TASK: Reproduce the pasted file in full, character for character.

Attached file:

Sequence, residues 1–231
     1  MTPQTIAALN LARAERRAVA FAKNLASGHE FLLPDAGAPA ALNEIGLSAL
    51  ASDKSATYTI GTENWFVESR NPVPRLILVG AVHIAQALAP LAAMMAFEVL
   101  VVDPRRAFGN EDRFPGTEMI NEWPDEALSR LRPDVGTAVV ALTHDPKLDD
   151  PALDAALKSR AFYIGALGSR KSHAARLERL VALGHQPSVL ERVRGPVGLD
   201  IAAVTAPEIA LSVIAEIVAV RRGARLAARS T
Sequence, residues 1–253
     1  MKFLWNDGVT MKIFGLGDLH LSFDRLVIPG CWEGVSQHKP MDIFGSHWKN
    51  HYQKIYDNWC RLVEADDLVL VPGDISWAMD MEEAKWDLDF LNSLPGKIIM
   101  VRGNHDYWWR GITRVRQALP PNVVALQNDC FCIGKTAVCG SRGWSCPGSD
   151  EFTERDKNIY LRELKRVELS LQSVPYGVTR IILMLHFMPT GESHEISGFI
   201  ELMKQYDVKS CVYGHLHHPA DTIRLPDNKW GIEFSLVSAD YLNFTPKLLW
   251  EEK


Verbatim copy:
Sequence, residues 1–231
     1  MTPQTIAALN LARAERRAVA FAKNLASGHE FLLPDAGAPA ALNEIGLSAL
    51  ASDKSATYTI GTENWFVESR NPVPRLILVG AVHIAQALAP LAAMMAFEVL
   101  VVDPRRAFGN EDRFPGTEMI NEWPDEALSR LRPDVGTAVV ALTHDPKLDD
   151  PALDAALKSR AFYIGALGSR KSHAARLERL VALGHQPSVL ERVRGPVGLD
   201  IAAVTAPEIA LSVIAEIVAV RRGARLAARS T
Sequence, residues 1–253
     1  MKFLWNDGVT MKIFGLGDLH LSFDRLVIPG CWEGVSQHKP MDIFGSHWKN
    51  HYQKIYDNWC RLVEADDLVL VPGDISWAMD MEEAKWDLDF LNSLPGKIIM
   101  VRGNHDYWWR GITRVRQALP PNVVALQNDC FCIGKTAVCG SRGWSCPGSD
   151  EFTERDKNIY LRELKRVELS LQSVPYGVTR IILMLHFMPT GESHEISGFI
   201  ELMKQYDVKS CVYGHLHHPA DTIRLPDNKW GIEFSLVSAD YLNFTPKLLW
   251  EEK